Monday, June 16, 2008

Sunshine and Letting Go

Yesterday was Father's Day and a friend who remembered my father called late in the day to let me know that she was thinking of him and remembering him. I appreciated that very much. For the last nine years Father's Day has been so hard because shortly before he died I had ordered his presents and was itching for them to come so that I could surprise him with them. They came a few days after his funeral and I cried and put them away. One was a cd of music from movie soundtracks that include a piece he had especially liked, the music from that PBS series from the 1980's, Reilly Ace of Spies. I can not hear that on the radio still without tearing up and thinking that he never received my present. I can't remember what the other one was though, probably a book. So time is helping this.

As I write two friends are working in the side yard. My neighbor's plum tree lost a branch last Monday just as the heat wave got under way. After it is cleaned out and the branches with too many plums trimmed back, I don't think there will be much left. It was glorious this spring with an abundance of white flowers. I don't think that I was able to have anyone take any pictures, but every time I looked out at it I tried to memorize it just in case. I think its flowering this year, a month late may have indeed been its swan song.

For decades I have loved that tree, the white blossoms speak joy to me. Most years it bloomed in February at exactly the same time. In 1983 it bloomed while Mama was dying in the intensive care unit. I have thought of it ever since as her resurrection tree and felt on some level that when it goes, so will I.

The latter has really been mostly because the tree provided deep, luxurious shade to my bedroom window in summer's worst heat. It served so faithfully and well without any additional water than what it received from the rain. If it is truly unsaveable, as I expect it is, I will miss it terribly and grieve for it. It is and was a friend to me.

It is a Satsuma plum tree, the plums deep purple from stone to skin. Sweet and juicy the plum was a treat just off the tree and even more so after refrigerating it. Once in its heyday--and mine--I made splendid plum chutney from the fruit with garlic and hot chiles added. It was good enough that I could have entered it in the County fair, for it always won praise from friends whom I gifted it with at Christmas time.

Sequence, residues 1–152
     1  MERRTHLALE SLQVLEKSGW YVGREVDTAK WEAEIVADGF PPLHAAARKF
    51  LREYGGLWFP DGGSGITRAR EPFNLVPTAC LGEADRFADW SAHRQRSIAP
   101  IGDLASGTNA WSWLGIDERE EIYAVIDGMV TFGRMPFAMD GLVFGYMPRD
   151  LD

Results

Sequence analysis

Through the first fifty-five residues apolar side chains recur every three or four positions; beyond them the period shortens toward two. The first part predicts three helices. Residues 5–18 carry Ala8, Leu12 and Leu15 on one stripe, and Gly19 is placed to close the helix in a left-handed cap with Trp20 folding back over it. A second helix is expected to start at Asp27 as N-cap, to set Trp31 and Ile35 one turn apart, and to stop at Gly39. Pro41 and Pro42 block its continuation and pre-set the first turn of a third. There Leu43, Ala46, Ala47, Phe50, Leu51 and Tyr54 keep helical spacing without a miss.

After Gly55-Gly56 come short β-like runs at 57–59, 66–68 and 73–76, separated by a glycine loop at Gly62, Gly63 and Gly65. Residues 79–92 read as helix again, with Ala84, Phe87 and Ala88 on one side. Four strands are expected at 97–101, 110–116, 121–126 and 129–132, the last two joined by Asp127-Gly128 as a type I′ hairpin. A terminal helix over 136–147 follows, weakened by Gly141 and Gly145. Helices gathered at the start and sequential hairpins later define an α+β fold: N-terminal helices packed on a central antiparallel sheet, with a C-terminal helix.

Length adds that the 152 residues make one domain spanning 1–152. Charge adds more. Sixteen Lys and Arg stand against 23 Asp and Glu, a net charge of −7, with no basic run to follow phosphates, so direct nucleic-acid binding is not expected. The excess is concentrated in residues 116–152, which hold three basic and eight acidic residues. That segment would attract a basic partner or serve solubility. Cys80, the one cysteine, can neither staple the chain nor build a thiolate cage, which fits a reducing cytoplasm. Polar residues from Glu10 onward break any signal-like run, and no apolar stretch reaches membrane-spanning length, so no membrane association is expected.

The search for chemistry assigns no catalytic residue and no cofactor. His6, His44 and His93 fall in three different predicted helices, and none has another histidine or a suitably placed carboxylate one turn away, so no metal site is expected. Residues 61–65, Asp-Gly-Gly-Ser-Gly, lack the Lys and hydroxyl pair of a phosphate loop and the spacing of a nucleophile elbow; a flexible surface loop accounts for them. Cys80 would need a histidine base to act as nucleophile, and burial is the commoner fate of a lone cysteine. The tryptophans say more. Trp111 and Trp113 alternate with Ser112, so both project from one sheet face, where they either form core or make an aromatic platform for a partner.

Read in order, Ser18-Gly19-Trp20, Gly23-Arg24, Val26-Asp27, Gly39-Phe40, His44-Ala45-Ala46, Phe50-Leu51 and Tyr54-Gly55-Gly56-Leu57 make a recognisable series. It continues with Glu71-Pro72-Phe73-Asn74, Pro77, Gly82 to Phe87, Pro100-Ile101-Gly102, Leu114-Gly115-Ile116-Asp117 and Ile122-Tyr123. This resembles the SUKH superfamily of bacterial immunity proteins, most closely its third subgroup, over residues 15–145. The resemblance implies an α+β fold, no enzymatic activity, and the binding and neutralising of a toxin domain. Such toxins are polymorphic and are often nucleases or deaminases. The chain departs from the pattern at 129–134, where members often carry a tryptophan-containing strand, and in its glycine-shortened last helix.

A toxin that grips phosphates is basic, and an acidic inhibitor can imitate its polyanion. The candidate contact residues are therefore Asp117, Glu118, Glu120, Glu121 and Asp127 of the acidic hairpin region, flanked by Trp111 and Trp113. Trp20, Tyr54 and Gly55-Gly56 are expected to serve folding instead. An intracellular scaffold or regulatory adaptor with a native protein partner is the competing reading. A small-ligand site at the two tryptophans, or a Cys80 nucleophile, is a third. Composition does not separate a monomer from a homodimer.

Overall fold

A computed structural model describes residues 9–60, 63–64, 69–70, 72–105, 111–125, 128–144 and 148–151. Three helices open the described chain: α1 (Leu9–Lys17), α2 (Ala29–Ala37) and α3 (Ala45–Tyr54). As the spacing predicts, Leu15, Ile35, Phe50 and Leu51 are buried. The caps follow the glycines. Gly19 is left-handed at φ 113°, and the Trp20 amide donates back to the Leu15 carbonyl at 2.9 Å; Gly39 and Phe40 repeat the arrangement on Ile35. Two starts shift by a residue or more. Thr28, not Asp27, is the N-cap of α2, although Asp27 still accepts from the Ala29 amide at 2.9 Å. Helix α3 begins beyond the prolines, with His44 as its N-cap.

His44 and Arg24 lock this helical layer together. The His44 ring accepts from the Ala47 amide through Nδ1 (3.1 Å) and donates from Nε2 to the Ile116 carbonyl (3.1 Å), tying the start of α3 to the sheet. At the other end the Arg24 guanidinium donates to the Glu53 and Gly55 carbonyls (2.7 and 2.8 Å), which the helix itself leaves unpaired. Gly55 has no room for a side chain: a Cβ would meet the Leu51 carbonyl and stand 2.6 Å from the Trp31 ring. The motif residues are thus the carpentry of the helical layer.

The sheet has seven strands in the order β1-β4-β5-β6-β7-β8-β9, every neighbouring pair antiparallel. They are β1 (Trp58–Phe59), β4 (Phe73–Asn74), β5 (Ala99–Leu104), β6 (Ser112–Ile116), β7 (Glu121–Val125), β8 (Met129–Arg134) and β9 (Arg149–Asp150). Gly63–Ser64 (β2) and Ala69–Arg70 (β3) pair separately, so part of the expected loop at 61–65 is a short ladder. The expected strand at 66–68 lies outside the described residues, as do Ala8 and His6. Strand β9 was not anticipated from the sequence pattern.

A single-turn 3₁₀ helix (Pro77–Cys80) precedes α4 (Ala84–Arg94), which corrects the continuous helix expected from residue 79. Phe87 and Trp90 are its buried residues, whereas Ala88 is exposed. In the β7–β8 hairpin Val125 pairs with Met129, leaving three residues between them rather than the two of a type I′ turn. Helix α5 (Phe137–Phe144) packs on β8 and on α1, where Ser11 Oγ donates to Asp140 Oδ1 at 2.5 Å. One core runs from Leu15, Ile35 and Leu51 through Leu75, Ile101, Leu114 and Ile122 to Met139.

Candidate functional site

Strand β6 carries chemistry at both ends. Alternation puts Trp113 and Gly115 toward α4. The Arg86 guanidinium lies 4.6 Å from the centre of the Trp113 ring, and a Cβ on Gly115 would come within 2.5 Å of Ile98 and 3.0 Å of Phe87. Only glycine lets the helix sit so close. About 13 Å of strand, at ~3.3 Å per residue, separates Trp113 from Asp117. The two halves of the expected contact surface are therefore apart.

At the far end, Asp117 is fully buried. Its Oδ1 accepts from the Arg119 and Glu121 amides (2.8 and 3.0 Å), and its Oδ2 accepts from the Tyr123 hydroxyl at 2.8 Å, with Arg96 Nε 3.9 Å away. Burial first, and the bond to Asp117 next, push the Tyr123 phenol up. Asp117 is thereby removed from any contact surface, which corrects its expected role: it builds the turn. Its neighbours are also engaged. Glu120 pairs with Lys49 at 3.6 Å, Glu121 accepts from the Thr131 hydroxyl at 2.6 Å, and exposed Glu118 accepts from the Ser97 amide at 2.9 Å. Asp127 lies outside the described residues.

Thinking about the plum tree makes me think of those times gone by. Mama made jam from some of the plums that was still on the shelves after she died. It was delicious on her home-made whole wheat bread. Bread baking and the sweet smell of jam bubbling on the stove, two food memories that are also smell memories.

The fruit along with fruit from an apricot tree would ripen on the hottest days, always on the hottest days, of course. Ripe fruit has to be attended to on its terms, immediately, or else it becomes compost or garbage very quickly. So it would be time to haul out the dutch oven and the wooden spoon, the hand grinder and the canning jars and rings (lids would already have been on the grocery list some weeks before so as to get them before the store ran out)and the work would begin.

The first time my sister and I tried canning was the year in the seventies that the grocery stores ran out of half-pint canning jars. This was actually a national shortage and I am sure in some parts of the country it was a real crisis. We bought three quarter pints and pints and even some quart jars. Every recipe that we chose made more than it said it would. We made zucchini pickles, canned apple slices and best of all, pear raisin mincemeat.

The pear raisin mincemeat and the chutneys were the best along with apricot jam when we had apricots from someone's tree. One year a friend gave me a large bag of Gravenstein apples. My recollection is that that one bag became four half pint jars of apple butter. Maybe it was six. It was essence of apple and it was sublime.

It has probably been almost twenty years since I have done any canning. I have had to let go of that too.

I will pray for the plum tree tonight when I go to bed. We will see. My friend is confidant that she can rig a shade structure of some sort so that I will survive. The side yard is only six feet deep, not deep enough for much. I wish it were ten or twelve. Twenty or twenty-five would be even better; then I could have a real garden in it. I am grateful today for the memories and the friends who helping with such hard work. Grateful too that it is cool.

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